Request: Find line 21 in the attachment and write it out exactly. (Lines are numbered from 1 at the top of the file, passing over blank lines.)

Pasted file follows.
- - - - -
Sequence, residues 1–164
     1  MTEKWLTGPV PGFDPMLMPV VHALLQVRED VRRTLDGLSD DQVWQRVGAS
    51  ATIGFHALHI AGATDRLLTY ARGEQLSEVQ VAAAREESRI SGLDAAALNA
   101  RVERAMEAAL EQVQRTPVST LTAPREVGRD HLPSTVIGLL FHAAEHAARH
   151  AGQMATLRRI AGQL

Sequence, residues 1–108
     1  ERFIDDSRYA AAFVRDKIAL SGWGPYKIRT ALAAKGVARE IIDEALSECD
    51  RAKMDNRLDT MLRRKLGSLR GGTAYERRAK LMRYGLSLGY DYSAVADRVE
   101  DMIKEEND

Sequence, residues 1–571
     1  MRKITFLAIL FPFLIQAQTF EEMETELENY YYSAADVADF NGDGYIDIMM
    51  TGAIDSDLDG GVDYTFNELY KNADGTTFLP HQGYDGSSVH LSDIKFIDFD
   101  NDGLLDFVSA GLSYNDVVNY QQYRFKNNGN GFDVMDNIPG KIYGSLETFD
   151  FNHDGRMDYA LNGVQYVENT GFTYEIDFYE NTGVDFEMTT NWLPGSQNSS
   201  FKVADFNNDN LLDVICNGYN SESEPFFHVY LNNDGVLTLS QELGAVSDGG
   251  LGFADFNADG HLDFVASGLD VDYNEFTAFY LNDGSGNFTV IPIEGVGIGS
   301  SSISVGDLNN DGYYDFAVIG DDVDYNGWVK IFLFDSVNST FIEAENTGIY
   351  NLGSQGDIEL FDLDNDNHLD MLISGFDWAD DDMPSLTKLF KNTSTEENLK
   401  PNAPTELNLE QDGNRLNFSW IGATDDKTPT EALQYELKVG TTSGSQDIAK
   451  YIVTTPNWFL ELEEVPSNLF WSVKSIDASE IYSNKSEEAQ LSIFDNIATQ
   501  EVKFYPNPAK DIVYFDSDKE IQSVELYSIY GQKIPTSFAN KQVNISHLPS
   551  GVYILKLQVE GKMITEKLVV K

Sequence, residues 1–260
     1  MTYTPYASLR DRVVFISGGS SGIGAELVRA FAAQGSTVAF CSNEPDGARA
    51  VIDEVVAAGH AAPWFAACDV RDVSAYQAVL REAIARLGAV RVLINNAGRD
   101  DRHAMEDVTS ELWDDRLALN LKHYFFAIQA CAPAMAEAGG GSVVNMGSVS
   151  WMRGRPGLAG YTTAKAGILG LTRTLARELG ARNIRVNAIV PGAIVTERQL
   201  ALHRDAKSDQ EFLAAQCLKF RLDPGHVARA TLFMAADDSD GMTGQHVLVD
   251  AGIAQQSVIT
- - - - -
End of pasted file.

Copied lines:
   501  EVKFYPNPAK DIVYFDSDKE IQSVELYSIY GQKIPTSFAN KQVNISHLPS